Waterloo Commemorations and Celebrations Wrap Up in Spectacular Fashion

For several more days British, Belgium the regular French public and even large numbers of Germans have gone to great lengths to commemorate this world famous battle that changed the course of modern history. While far left French President Hollande’s government has chosen to virtually ignore what has unfolded into a massive spectacular attracting world-wide attention, much of the rest of Europe has not followed his lead.

On Thursday Charles, the Prince of Wales, resplendent in his full dress uniform continued the English Crown’s thoughtful and dignified commemorations by attending a special Waterloo church service at London’s famous St. Paul’s Cathedral. The service included numerous descendants of the British troops who fought at the famous battle in 1815.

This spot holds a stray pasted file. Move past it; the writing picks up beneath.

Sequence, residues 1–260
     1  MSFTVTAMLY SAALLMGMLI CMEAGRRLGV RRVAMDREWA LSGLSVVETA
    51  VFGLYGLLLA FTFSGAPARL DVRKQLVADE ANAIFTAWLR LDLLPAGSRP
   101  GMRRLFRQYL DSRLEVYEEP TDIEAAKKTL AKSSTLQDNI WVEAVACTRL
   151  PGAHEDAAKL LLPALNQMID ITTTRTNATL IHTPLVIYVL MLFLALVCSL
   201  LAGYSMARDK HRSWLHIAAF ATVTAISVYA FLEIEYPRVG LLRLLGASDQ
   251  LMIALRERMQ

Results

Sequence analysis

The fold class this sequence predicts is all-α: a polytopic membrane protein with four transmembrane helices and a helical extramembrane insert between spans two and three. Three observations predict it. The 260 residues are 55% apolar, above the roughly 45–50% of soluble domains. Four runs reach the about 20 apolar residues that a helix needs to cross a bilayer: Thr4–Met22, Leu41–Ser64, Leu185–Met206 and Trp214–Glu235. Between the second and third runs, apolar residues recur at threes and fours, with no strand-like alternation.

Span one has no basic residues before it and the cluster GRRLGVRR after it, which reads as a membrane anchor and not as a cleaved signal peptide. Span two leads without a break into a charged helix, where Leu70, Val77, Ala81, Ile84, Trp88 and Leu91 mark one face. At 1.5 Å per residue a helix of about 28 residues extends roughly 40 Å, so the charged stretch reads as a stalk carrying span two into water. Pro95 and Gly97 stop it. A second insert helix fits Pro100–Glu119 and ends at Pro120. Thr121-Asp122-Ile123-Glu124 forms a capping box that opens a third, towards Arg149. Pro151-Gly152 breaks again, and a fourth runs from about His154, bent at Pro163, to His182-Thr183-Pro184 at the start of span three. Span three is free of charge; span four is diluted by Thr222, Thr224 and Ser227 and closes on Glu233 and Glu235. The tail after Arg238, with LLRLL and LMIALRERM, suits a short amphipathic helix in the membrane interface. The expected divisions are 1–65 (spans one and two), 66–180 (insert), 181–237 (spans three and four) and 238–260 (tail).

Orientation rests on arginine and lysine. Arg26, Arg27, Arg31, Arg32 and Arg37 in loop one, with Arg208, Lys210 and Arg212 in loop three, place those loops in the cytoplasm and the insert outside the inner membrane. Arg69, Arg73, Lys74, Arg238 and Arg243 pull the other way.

The 9th Duke of Wellington, Charles Wellesley continued his centennial observances near the Waterloo battlefield by taking part in private ceremonies dedicating a new museum on the site of the first Duke of Wellington’s Field hospital on the battlefield at the Mount St. Jean Farm. The beautifully restored 19th century barns and courtyard are only a stone’s throw away from Hougoumont, where some of the most brutal fighting of the battle took place. With his continued support of the British Army’s Benevolent Fund (AFB – the Soldier’s Charity) Wellesley is turning into a British version of Gary Sinese. The AFB supports current serving British troops and veterans in a number different ways from, various health issues to family concerns and education.